The Top Cybersecurity News Stories of 2021: From Apple to WFH (and Everything in Between)
Far beyond affecting just the technology industry, cyberattacks in 2021 were a mushroom-cloud explosion, reaching their crafty, digital tentacles into every facet of modern life.
According to the Identity Theft Resource Center, the number of data breaches this year surpassed the total number of 2020 breaches in just the first three quarters of 2021. So, what happened? And how do we fix it? Here’s a recap of some of the biggest data breach and other cybersecurity news stories of the year, a month-by-month recap of some of the biggest hacks, attacks, and other activity from the last 12 months.
January: Federal Data Breach Sets the Tone for 2021
The year kicked off with a public reporting of the U.S. Federal Government data breach. The severity of the attack was initially downplayed, but by January 2021, the public was starting to understand the full scope. In the spring of 2020, hackers added malicious code into the software of SolarWinds, Microsoft and VMWare. When SolarWinds sent software updates, the hacked code created a back door to the customers’ information and private data. Even worse is that the breach went unnoticed for many months, potentially exposing sensitive data from 300,000 of SolarWinds’ customers, which include some Fortune 500 corporations and U.S. government agencies, among others.
February: Investigations Find Poor Communication, Lack of Standards
Seeing how vulnerable and long-reaching a simple software update could be, the government and watchdog agencies worked to figure out a solution before the next cyberattack could happen. In late February, the House Oversight and Homeland Securities committees held a hearing to help figure out what happened in the massive SolarWinds hack, and who they can blame. Cybersecurity experts are pointing their fingers at Russia’s Foreign Intelligence Service (SVR), but experts also testified that a general lack of trained cybersecurity personnel, poor communication between companies and government agencies, and absence of smart practices and global standards helped create the cybersecurity gaps. The opportunity for a breach was basically a pie cooling on the windowsill, just waiting to be eaten.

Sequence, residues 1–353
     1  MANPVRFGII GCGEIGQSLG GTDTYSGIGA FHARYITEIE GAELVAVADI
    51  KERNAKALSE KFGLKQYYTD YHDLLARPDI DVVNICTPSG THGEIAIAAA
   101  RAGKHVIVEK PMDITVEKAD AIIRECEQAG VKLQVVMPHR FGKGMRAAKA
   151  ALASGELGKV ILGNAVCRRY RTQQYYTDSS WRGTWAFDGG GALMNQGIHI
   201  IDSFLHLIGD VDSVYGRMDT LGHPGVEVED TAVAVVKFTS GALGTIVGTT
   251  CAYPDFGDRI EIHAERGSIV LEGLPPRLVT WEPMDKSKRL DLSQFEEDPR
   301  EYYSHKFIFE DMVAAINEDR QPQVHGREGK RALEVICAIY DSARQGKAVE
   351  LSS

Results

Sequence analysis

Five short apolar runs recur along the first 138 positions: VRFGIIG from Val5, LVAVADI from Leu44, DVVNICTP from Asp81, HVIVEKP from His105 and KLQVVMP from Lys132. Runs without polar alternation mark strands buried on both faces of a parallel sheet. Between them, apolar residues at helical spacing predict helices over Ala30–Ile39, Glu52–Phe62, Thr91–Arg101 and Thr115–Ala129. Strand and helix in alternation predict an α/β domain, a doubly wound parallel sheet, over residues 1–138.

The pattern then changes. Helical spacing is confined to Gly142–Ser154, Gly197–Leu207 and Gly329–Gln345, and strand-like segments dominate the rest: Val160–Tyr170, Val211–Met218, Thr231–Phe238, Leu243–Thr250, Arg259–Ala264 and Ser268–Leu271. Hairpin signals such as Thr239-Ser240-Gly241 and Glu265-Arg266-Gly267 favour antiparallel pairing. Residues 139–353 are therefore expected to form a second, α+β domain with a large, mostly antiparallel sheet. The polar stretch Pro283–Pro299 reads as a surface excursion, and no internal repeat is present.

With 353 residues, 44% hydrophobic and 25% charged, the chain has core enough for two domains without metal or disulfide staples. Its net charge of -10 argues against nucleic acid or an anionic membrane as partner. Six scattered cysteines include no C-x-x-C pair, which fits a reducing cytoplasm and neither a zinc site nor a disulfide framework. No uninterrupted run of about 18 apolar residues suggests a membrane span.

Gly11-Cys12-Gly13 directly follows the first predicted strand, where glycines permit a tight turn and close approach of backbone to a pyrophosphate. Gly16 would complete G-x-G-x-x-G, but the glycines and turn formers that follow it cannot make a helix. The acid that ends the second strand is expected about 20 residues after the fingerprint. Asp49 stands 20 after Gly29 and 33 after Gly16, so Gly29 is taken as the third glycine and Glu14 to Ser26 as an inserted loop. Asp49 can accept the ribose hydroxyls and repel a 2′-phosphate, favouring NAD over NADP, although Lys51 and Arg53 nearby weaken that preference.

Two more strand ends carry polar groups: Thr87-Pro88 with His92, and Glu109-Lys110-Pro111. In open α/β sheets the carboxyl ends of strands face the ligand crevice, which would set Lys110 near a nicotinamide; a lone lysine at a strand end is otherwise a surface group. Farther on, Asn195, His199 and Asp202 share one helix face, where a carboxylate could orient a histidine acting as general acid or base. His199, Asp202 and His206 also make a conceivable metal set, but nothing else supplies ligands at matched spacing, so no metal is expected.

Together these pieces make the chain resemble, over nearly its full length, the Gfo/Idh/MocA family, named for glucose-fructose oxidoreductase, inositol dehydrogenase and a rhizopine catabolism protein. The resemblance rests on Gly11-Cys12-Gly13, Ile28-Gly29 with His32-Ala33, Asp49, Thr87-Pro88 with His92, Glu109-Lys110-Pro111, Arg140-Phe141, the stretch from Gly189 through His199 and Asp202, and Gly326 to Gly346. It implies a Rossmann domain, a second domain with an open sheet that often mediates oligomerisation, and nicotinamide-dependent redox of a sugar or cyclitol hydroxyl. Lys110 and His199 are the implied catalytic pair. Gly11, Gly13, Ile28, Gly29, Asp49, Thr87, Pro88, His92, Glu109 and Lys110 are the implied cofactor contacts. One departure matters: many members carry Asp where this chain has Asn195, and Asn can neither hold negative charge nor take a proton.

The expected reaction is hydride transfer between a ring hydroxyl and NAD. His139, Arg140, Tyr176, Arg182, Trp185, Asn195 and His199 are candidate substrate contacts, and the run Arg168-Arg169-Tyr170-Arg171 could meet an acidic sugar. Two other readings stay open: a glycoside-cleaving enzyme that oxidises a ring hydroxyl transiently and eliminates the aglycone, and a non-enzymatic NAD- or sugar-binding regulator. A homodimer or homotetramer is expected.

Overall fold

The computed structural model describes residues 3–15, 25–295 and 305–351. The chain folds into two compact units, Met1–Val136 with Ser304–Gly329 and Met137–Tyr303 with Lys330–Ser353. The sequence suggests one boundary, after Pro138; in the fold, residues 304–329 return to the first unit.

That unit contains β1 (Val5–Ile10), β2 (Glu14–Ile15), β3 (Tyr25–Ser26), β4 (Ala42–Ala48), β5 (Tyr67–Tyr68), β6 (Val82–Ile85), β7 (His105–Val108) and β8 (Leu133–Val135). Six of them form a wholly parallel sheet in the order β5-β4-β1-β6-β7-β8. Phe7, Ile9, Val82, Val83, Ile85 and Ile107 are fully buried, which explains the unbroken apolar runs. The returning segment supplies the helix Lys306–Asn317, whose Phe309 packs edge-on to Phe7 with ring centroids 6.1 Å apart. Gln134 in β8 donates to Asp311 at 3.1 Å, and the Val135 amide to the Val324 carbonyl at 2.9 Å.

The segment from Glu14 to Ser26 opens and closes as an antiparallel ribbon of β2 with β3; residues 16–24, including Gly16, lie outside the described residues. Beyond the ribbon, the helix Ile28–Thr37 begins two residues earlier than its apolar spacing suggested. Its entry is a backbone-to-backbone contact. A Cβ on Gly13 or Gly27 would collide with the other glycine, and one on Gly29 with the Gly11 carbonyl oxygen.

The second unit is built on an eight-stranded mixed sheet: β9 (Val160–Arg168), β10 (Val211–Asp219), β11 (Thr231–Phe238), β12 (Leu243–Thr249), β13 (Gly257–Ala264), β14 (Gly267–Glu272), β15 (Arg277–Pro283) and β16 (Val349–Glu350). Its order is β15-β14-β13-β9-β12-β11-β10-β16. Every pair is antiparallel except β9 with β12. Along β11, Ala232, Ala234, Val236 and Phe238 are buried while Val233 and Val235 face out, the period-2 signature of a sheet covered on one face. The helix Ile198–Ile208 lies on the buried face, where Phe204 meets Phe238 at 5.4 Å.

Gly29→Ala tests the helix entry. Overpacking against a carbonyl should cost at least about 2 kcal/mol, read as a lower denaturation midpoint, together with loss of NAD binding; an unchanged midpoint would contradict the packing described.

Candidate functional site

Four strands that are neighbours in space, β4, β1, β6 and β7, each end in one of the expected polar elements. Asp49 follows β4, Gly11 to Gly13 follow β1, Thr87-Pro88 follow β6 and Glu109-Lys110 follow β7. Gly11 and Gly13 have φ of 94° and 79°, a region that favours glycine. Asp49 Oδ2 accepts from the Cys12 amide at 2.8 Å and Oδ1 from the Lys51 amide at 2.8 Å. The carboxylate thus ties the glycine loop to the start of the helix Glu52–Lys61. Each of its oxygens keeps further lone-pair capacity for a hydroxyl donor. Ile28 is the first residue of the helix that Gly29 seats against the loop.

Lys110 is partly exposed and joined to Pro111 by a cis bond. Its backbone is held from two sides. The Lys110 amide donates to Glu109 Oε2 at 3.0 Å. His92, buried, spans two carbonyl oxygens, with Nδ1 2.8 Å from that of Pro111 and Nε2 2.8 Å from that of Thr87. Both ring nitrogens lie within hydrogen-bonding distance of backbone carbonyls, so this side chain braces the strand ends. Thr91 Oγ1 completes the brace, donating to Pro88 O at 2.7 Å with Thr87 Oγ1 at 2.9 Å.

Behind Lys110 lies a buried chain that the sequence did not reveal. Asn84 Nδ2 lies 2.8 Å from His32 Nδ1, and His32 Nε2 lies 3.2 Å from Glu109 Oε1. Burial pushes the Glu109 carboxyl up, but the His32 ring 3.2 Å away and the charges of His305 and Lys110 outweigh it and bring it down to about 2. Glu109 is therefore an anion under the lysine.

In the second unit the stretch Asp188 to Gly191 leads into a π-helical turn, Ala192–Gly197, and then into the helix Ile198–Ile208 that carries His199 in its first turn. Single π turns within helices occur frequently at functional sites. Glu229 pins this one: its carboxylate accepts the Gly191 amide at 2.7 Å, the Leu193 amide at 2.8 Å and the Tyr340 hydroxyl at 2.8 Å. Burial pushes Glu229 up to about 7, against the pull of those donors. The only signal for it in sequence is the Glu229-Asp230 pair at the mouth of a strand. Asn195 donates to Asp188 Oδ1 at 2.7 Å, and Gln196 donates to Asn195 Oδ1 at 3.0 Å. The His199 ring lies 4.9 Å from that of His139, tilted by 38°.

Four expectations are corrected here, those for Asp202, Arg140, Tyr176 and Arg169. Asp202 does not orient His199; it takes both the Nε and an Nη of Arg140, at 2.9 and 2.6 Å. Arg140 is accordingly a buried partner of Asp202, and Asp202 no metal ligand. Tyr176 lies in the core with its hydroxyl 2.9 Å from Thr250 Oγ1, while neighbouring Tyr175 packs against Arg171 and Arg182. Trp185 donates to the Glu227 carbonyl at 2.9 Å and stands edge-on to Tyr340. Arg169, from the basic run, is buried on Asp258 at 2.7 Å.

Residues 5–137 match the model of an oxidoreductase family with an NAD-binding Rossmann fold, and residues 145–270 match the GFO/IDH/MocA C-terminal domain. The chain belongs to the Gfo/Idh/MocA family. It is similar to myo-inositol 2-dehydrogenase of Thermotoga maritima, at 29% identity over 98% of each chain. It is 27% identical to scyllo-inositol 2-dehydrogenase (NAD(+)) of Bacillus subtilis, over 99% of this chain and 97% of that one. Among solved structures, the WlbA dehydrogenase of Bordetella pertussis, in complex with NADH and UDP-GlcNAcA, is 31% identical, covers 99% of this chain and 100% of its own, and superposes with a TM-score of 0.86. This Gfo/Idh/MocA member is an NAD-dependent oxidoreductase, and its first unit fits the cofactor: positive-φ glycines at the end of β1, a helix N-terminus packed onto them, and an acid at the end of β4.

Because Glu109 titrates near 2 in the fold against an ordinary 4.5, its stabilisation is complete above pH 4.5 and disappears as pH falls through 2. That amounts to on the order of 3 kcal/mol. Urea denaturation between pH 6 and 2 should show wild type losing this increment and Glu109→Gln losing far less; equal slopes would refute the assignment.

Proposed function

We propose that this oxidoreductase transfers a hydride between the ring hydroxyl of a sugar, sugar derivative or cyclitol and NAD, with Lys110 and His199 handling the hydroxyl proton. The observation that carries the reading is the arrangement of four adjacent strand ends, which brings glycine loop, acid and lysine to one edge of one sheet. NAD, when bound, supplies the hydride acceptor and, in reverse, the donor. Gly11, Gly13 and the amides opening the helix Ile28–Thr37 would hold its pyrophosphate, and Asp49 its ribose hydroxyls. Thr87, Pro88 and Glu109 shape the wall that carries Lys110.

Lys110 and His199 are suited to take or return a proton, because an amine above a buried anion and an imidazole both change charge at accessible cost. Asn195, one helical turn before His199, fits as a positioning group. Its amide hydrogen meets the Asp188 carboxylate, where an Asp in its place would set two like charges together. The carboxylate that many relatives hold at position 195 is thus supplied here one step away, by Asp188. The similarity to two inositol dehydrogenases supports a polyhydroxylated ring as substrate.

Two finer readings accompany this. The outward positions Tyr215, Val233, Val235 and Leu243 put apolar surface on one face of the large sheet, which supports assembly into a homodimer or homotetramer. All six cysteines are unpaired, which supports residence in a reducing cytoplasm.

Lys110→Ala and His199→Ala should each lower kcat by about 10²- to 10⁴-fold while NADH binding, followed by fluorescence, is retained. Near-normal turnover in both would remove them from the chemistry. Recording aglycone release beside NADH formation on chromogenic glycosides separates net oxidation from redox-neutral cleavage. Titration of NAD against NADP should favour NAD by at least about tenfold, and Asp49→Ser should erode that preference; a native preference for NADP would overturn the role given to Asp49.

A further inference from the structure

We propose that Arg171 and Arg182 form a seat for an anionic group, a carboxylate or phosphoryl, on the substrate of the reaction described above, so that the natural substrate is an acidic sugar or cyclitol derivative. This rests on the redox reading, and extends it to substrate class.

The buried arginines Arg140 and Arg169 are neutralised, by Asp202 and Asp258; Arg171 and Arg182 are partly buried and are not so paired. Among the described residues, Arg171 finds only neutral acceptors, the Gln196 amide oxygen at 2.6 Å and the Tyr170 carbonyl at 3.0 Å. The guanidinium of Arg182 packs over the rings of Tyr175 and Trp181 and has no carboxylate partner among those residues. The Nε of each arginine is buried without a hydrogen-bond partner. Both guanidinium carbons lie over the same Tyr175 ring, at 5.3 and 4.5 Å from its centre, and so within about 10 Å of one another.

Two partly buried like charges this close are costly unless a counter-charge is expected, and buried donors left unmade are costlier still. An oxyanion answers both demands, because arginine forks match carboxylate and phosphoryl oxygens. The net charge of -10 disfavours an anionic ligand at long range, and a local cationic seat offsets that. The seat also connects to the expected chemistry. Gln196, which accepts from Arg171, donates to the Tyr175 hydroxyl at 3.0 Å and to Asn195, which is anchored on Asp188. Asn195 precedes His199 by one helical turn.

March: $40M Paid in Insurance Ransomware Incident
At first, the ransomware attacks seemed to be operating quietly, with the hackers locking down an entire network and only giving back the encryption key if the target paid up. In March, CNA Financial, a major insurance company, paid the $40 million in ransom to get their huge volume of data back. While payments aren’t usually disclosed, this ransom payment is bigger than any previously disclosed payments to hackers, according to people familiar with ransomware negotiations, and by it being made public, potentially inspires other cybercriminals to ratchet up their extortion rates.